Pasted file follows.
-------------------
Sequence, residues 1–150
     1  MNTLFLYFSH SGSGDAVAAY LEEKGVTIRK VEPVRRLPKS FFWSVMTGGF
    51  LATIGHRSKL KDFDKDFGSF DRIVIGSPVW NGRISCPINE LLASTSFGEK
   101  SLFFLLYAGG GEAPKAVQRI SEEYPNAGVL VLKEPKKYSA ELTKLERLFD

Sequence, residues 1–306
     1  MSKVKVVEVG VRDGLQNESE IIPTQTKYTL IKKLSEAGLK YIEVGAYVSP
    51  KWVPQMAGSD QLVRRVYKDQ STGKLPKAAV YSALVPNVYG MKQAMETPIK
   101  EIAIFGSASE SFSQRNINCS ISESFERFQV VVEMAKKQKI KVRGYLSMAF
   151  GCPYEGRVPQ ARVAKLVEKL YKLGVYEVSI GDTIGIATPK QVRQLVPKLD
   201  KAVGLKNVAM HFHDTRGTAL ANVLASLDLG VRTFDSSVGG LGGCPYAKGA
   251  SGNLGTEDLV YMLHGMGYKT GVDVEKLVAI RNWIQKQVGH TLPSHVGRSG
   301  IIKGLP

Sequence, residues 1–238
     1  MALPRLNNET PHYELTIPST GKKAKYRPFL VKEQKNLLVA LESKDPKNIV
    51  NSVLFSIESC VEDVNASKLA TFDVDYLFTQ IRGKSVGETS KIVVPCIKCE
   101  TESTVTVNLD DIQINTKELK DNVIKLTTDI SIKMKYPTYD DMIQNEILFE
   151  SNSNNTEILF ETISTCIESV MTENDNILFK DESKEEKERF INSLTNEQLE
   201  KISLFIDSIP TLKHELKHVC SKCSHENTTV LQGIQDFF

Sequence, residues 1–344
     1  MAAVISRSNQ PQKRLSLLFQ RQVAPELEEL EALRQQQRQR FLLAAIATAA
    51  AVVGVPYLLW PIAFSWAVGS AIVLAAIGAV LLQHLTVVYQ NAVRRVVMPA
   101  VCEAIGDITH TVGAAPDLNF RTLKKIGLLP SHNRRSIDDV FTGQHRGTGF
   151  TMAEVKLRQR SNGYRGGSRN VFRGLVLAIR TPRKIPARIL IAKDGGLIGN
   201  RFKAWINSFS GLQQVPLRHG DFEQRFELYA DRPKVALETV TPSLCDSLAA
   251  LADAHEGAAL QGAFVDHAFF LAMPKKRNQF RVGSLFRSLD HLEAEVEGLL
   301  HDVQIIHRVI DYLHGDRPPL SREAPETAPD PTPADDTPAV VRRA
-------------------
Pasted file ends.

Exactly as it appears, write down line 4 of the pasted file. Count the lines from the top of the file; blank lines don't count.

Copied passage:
   101  SLFFLLYAGG GEAPKAVQRI SEEYPNAGVL VLKEPKKYSA ELTKLERLFD